Reply To: They called CPS on us! (Long… please bear with me)

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#54202
BRLK
Participant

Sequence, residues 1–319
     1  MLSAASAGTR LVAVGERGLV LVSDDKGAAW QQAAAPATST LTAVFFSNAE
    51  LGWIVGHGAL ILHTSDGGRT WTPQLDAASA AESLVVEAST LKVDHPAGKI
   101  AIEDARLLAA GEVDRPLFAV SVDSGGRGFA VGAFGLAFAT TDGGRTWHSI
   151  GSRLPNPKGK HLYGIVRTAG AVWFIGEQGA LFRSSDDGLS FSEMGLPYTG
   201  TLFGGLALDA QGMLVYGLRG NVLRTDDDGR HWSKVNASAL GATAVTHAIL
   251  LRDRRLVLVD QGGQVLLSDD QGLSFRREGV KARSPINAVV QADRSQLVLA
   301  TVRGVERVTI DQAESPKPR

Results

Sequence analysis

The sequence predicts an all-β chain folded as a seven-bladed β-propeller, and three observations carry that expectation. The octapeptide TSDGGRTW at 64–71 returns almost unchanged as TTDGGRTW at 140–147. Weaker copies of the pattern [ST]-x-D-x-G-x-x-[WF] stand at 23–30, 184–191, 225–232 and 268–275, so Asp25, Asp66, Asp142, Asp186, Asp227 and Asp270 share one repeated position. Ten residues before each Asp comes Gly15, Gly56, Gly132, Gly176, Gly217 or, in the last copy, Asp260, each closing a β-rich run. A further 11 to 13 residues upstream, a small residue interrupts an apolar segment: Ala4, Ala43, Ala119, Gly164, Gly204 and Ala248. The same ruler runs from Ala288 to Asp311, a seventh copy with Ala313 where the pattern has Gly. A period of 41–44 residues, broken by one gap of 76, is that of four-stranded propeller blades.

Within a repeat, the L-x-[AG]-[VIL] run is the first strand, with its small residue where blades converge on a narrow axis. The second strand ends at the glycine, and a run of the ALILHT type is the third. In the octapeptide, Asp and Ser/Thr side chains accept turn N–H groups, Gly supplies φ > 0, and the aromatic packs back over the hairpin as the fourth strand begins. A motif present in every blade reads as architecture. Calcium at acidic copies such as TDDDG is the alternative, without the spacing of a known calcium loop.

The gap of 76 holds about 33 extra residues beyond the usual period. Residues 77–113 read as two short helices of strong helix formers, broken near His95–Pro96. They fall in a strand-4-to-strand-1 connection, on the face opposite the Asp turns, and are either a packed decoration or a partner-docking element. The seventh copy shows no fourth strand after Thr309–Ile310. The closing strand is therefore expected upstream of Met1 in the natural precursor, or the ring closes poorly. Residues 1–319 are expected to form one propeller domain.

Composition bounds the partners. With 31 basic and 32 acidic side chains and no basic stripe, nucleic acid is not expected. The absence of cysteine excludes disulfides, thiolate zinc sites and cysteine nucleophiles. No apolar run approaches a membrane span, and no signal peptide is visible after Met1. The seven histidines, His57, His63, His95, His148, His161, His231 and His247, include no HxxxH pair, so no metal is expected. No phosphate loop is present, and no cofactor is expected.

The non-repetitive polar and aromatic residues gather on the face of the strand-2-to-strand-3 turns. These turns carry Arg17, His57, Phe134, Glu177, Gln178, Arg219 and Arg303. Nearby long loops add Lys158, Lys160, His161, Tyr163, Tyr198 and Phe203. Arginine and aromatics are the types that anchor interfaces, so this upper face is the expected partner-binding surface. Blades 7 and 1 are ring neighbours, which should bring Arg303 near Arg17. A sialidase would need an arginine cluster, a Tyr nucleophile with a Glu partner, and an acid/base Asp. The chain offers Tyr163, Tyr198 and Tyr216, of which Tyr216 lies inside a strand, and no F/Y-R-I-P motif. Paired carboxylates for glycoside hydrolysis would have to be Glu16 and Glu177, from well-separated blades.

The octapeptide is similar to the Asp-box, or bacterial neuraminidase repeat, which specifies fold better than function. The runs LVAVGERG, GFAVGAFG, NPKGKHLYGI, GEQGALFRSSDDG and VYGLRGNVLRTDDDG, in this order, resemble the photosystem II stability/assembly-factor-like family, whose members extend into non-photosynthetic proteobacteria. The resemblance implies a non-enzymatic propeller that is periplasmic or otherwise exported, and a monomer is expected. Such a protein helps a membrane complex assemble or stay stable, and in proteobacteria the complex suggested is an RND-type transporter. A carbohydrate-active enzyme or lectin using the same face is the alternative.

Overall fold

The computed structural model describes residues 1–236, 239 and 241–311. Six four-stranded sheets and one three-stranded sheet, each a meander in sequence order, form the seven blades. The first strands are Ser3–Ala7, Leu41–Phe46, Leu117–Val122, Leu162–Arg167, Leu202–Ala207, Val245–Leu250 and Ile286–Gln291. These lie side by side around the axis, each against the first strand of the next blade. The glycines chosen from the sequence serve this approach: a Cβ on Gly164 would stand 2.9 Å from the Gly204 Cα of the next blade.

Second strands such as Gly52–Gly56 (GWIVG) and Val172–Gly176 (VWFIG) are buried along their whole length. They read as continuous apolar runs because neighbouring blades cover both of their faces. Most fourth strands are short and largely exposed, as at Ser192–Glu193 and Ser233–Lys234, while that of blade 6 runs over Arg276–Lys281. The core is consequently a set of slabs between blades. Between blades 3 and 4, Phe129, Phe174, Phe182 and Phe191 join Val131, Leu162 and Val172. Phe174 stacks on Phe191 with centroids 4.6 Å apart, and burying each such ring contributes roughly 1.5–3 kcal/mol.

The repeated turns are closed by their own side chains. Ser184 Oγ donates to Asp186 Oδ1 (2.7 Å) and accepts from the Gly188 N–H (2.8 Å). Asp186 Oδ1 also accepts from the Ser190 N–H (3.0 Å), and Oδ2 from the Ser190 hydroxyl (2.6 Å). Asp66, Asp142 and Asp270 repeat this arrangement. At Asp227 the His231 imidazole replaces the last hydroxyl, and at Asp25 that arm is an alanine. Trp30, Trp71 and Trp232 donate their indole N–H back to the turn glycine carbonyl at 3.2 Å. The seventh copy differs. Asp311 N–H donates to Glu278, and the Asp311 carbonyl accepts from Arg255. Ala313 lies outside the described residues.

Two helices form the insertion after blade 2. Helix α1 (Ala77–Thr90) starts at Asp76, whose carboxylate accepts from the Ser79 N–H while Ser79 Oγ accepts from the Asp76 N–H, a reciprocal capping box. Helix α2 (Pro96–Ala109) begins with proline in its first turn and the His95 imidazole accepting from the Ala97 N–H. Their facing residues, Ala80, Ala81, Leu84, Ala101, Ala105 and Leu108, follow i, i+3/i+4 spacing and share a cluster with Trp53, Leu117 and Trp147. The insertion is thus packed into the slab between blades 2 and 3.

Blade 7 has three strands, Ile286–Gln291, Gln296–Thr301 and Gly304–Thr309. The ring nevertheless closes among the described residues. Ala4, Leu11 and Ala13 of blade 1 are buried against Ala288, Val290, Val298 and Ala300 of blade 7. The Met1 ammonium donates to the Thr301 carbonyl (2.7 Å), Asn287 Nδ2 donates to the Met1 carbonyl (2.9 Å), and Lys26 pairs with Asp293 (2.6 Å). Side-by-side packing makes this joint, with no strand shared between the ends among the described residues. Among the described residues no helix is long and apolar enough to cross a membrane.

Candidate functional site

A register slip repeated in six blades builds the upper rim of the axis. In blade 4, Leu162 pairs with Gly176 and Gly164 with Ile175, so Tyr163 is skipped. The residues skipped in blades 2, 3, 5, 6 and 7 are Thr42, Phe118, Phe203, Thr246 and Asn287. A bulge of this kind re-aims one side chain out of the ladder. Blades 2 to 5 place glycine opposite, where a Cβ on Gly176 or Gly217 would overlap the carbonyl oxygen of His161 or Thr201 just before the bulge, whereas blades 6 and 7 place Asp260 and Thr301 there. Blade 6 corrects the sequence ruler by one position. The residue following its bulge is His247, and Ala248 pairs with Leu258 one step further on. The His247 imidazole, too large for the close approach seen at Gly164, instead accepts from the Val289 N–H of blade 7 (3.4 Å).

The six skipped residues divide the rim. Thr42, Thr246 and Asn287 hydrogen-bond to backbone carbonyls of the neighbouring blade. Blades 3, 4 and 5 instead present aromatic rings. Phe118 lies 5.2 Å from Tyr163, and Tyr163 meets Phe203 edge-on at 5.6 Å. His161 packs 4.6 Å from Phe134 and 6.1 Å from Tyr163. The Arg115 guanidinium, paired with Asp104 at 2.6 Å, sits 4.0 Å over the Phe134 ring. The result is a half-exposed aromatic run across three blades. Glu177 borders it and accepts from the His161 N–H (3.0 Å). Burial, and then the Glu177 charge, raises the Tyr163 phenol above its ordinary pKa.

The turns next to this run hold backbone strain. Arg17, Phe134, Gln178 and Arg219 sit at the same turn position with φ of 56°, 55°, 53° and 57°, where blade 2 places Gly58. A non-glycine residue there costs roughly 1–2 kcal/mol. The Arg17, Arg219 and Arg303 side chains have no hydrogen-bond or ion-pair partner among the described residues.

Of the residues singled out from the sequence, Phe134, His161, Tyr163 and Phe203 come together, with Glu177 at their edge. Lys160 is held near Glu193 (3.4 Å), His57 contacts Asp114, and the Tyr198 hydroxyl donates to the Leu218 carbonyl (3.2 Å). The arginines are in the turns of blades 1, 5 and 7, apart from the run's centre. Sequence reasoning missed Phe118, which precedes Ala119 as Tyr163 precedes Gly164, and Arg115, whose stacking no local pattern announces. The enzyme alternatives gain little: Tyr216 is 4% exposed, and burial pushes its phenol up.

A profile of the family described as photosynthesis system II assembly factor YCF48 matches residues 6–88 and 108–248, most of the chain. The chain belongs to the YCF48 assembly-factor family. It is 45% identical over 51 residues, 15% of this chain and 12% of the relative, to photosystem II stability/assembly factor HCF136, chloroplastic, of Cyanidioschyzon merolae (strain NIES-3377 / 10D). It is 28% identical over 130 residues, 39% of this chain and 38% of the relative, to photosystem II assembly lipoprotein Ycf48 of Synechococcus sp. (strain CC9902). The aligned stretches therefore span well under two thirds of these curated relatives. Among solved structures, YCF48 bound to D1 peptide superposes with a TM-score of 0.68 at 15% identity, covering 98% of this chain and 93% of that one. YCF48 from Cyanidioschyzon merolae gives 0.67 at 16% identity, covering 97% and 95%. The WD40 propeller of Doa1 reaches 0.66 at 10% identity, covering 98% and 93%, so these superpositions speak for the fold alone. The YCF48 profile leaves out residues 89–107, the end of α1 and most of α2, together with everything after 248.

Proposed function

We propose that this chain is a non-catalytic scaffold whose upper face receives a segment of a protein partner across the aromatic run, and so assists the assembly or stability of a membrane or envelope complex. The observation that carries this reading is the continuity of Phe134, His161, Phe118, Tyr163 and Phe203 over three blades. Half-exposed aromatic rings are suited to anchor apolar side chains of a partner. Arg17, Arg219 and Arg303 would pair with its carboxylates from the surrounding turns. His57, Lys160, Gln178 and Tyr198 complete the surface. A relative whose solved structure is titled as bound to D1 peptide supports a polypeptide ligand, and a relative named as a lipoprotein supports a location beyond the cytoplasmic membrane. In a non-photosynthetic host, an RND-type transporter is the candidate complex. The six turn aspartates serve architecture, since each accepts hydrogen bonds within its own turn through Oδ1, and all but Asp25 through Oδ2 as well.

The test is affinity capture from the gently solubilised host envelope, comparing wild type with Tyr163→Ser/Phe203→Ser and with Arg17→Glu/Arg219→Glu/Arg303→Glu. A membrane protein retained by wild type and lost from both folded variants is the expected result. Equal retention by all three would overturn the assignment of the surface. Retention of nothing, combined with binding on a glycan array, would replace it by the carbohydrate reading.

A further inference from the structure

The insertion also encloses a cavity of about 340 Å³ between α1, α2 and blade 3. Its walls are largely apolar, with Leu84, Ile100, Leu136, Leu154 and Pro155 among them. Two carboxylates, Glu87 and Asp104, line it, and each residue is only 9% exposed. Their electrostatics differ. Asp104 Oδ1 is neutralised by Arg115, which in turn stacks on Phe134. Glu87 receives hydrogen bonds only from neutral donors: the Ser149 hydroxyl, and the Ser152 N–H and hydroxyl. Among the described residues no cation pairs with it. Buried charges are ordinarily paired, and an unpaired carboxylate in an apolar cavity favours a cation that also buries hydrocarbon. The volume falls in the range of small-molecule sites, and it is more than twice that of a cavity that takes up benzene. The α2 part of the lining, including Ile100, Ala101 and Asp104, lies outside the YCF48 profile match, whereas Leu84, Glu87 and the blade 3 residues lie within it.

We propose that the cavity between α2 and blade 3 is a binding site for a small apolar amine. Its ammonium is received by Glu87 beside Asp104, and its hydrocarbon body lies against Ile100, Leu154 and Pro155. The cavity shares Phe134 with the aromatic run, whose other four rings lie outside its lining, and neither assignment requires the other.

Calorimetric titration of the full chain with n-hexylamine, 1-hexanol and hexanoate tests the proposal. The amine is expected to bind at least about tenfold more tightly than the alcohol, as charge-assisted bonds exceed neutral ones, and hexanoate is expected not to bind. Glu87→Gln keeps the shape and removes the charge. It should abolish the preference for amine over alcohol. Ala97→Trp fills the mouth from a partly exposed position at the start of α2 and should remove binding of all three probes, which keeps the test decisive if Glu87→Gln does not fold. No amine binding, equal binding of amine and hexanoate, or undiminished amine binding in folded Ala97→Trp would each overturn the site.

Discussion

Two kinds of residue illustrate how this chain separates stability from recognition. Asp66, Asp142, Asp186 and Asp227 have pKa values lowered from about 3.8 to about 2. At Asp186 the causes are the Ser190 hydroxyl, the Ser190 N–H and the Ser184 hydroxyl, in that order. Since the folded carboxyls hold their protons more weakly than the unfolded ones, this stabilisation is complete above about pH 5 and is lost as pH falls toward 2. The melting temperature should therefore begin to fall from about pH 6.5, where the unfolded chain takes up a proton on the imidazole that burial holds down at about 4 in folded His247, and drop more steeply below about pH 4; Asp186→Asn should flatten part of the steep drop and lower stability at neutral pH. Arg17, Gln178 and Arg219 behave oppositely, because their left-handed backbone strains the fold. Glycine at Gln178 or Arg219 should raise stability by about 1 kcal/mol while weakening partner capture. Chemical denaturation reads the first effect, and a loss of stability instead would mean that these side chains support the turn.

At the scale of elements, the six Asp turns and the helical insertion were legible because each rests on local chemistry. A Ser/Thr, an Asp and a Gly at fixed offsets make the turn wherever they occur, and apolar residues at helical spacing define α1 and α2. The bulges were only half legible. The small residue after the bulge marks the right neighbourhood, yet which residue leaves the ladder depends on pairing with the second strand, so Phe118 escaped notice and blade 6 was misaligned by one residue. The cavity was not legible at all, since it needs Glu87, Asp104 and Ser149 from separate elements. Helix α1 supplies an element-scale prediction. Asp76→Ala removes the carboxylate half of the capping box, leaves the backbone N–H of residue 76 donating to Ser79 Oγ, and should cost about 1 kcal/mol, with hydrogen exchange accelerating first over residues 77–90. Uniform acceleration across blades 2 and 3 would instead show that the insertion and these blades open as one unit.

Kids with ADHD typically have horrible impulse control. My experience with my son is that most often when he demonstrates “aggressive” behavior it’s either out of frustration or because other kids have pushed his buttons too many times and he doesn’t have the maturity to handle the situation without lashing out. They also tend to be several years behind in maturity which contributes to impulsivity and poor decision making. To be honest, I don’t let my son go to other homes for play dates unless it’s with parents I know extremely well, and who I know understand his challenges. I prefer to have him play in our home with friends so I can monitor (on the sly of course) what’s happening and intervene if I hear play that could potentially escalate or cause an issue. Should an average 9yr old be able to play more independently, of course. But I think the situation is different for kids with ADHD. I also know the triggers for my son that have the potential to cause behavior problems such as being hungry, overtired, overstimulated, etc. Those triggers are different for every kid, but when you recognize it, then you can plan/decine playtime with other kids accordingly. I am not by any means judging or saying you don’t monitor your son, I am just suggesting that in my experience kids effected by ADHD need a bit of “helicopter parenting” because they don’t have the social/emotional skills yet to help them navigate friendships the way another child their age would. For my son, structure is a pretty important factor and limiting the amount of time he stays at a friend’s house helps as well – his ability to remain calm and relaxed has an expiration so I know for us play dates shorter than 60-90min are going to be the most successful for him. I realize this all makes me sound very controlling, but I’m honestly not that way with most things and I am much more relaxed with his younger brother. Thru trial and error I’ve just found this makes life easier for all those involved, including my son. The more successful he is with friendships, the greater his confidence. If your son is seeing a therapist who knows everything that is going on and is not continually offering you tips and possible solutions then I would look for a new therapist who can offer you more. It also sounds like you have a lot going on with your own health, and parenting a child with ADHD is exponentially more stressful than parenting the average child so I would suggest you seek out a support group for yourself that will help you manage your own stress which will in turn help you cope better with the challenges you face with your son and his peers. It’s not an easy road but continuing to make changes and take baby steps in new directions can make it more manageable. Best wishes to you and your family.